Daan Muller graduated as a bachelor of photography at HKU in 2014.
From a young age the seductive side of advertisements fascinated Nuijen. In her young twenties she worked in advertising and in 2007 went back to school to study photography and the power of images. Graduating as a conceptual documentary photographer in 2011 at the Royal Academy of Art, Nuijen’s starting point has always been reality. At the Master Institute she researches the false perception we have of reality and the strategies we apply to conform reality to our desires.
“I’m a sucker for images, they seduce me every day. I’m curious how this happens and what effect it has on our identity. Through my works I zoom-in on our image culture and research the mechanisms of hyper reality: an amplified version of reality that pre-programed our perception of the real world through existing images.”
In 2010 Nuijen won the Harvest Photography Award for “The Best Young Photographer”. Since 2013 she holds a teaching position at the photography department of the Royal Academy of Art.
Eric Patel is interested in the ways art can offer a different perception of colonialism. In his research, Patel uses a variety of media to examine how systems of knowledge built by colonialism afford the persistence of structural racism. According to Fanon, one of the first things the colonized learns is to stay in its place. There is a violence in this lesson that largely remains invisible. To shed light on it, Patel considers the effect of events and practices in anthropology which situate the savage and the civilized.
Marko grew up between many places, speaking two languages, keeping the traditions of two religions and receiving an international education. He has lived long-term in three countries and nomadically across more than ninety. He does not entirely belong to any group and is an outsider to some degree no matter where he goes. His home is composed of countless environments, feelings and people around the world. This is at the core of his perspective. As a result, he has always related strongly to other multi-nationals, migrants, nomads and people of mixed origins. His current current work deals with national identity and belonging in the context of regions that have seen their borders redrawn in recent decades. These include the former Yugoslavia, USSR, Cyprus and Ireland among others. By traveling to these areas as well as meeting people with connections to them elsewhere, he has compiled a collection of audio-visual content that speaks to the complexity of national identity and the nation state itself. Taking the role of digital storyteller he has organized this into an interactive web documentary entitled Defining Nationhood, on display at nationhood.world. His other work can be found at peck.fi.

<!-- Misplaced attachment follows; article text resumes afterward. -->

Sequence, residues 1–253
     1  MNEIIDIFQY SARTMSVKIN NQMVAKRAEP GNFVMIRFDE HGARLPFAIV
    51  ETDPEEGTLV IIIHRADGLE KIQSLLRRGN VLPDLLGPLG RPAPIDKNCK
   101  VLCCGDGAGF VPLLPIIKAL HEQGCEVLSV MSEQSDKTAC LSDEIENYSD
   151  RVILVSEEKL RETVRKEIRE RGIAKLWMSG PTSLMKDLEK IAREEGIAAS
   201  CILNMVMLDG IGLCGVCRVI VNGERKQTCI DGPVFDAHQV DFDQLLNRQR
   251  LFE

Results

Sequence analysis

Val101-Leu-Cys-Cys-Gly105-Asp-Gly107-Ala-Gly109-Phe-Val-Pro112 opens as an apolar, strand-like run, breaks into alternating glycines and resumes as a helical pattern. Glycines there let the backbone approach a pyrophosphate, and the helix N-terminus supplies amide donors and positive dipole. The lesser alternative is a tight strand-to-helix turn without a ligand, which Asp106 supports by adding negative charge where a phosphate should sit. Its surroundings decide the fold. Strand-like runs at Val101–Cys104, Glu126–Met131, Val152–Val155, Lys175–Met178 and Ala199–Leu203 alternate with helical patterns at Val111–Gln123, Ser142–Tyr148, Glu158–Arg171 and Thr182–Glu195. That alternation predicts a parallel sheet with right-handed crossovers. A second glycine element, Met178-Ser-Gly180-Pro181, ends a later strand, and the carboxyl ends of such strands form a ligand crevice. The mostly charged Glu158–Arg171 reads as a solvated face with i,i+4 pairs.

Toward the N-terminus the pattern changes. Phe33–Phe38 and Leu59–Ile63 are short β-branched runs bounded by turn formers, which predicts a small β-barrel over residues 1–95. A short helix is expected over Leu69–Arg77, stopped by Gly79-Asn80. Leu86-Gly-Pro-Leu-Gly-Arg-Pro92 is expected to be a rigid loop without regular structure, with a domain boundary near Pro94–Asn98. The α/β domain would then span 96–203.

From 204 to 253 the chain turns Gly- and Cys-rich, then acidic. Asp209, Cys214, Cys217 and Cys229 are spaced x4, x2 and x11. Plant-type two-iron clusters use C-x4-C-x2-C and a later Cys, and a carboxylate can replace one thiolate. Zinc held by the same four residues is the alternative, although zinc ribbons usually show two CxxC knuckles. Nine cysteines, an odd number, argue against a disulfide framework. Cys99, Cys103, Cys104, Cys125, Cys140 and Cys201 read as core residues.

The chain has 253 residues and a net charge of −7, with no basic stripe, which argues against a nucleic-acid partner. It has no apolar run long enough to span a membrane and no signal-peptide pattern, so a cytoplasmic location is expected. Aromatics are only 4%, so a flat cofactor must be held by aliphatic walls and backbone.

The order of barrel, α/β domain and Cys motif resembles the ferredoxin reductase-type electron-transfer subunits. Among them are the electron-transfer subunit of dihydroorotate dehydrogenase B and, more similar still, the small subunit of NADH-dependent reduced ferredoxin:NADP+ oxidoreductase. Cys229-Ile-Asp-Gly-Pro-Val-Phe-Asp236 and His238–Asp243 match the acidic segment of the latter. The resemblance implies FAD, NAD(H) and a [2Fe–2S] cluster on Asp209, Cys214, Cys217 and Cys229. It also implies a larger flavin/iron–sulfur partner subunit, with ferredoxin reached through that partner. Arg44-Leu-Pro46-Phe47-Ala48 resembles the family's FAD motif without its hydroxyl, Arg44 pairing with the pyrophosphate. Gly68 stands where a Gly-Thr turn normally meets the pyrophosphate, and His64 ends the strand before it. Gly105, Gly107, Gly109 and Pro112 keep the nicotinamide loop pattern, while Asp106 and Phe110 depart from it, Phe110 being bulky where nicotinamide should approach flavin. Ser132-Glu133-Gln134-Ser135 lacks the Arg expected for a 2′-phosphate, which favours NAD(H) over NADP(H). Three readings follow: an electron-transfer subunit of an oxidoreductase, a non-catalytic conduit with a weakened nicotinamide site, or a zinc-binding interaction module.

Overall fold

As an art-based social researcher, close observation, action and reaction is his process. He uses it to attempt creative utopias and to propose social and political resistances against the hegemony of a culturally homogenized society that limits the individual experience.
The special relationship between Art and time has defined Álvaro artistic search and practice, He has always been looking for alternative ways to experience and represent time. Combining different techniques (text, animation, performance, video and photography) Álvaro try to create situations and events in which the tension between individual perception of time and the imposed social and political time, question the hegemonic temporary regime of modern societies.
“Every attempt to play with time is a temporal resistance and a metaphor of political resistance.”
Rik Schutte’s interdisciplinary practice pivots on the concepts of incompetence and uncertainty. His works derive from an urge to deliberately embrace irrationality, like staring into the sun or running through a forest while being blindfolded. According to Schutte we live in a time where there is no clear meaning to life. His work is an attempt to rely on doubt. His video performances thus focus on a physical experience of incompetence, while his approach towards photography is led by the medium's unreliability.
Rik Schutte graduated as a bachelor of photography at Willem de Kooning Academy, Rotterdam in 2014.
Rik Schutte - Attempt to look at the sun (720p)
My work is a continuously evolving process, using photography and film, Where the search is more important than the answer. Originally stemming from of a loss, I use a poetic and often metaphorical visual language to look at the world on a universal human level and find poetic meaning in the world around us. Accepting our short presence here on earth, in which we are just a small part of everything that has been and will be.